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More Demand and Less People: The Challenges of Asking More from Your People

Our economy has been on a rollercoaster ever since the pandemic. With talk of recession to varying degrees of severity (depending on the news source and day) and a volatile market, companies across the country have had to be agile to survive this season. One of the most significant disruptions in our operations has been related to our people. 

Just a few years ago, we encountered a workforce crisis that left us scrambling for employees. Everything from manufacturing to food service installed banners on the front of their buildings offering signing bonuses that sometimes reached thousands of dollars. Eventually the race to the highest bonus was replaced with other methods (and gimmicks) to get people to consider joining a company. We saw a wider range of benefits being advertised and a more relaxed stance on remote work. We saw starting pay incrementally increase, so that once-highly-coveted manufacturing jobs were being outdone by fast-food establishments. 

As the workforce stumbled, it was important that operations and production levels did not. The changes meant that companies began inventing new systems and methods for drawing more out of their people. But the question remains: Have they done enough?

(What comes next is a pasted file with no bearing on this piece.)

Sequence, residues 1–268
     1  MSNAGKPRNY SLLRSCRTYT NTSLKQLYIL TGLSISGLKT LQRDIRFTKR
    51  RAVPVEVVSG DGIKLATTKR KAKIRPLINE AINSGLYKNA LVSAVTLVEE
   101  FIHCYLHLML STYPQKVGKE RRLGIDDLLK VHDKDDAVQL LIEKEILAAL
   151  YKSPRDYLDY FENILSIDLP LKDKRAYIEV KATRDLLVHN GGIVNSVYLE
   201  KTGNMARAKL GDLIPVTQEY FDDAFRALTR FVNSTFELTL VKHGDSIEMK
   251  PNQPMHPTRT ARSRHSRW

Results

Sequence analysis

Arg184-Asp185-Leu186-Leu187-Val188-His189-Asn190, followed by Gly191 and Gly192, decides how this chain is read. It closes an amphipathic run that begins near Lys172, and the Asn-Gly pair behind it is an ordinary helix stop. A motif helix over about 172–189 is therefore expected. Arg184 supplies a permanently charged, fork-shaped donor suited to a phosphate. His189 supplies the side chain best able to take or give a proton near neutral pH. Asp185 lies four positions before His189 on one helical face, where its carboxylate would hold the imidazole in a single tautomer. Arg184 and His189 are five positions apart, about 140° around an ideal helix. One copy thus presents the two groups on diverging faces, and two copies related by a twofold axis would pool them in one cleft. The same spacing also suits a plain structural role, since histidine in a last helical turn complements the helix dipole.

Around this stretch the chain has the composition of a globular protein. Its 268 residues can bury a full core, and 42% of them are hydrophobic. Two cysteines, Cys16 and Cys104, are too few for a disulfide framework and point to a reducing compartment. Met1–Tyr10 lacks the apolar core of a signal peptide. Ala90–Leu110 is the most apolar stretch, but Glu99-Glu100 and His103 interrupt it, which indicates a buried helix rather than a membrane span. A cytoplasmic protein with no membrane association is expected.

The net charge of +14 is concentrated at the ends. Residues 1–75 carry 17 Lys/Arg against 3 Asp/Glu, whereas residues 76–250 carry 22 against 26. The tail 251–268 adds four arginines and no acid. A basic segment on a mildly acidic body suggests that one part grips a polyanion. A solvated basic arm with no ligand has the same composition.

With the workforce in the condition it’s in, employees have more bargaining power. This means that companies need to think differently about what it means to attract and retain quality workers. 

  • The high-performing employee that asks for a raise may need to be given an audience with their manager, as competing companies are on the hunt for high-performers. 
  • Companies should spend more time building out (and highlighting!) employee satisfaction programs that highlight the more light-hearted or informal benefits like employee events, free lunches. 
  • Managers should solicit the feedback and input of their employees as they think about how to create a workplace culture that will keep their people engaged and incentivized. Employees know what they like and don’t like and can help you create a framework for implementing new and better ideas into your culture. 

It’s not yet evident whether the employee shortage truly went away or simply was repositioned as the new normal for running a company. But what is clear is that business owners no longer assume that they’ll be able to find good people to do the job. It’s requiring that they be more intentional with how they attract and retain their quality workforce.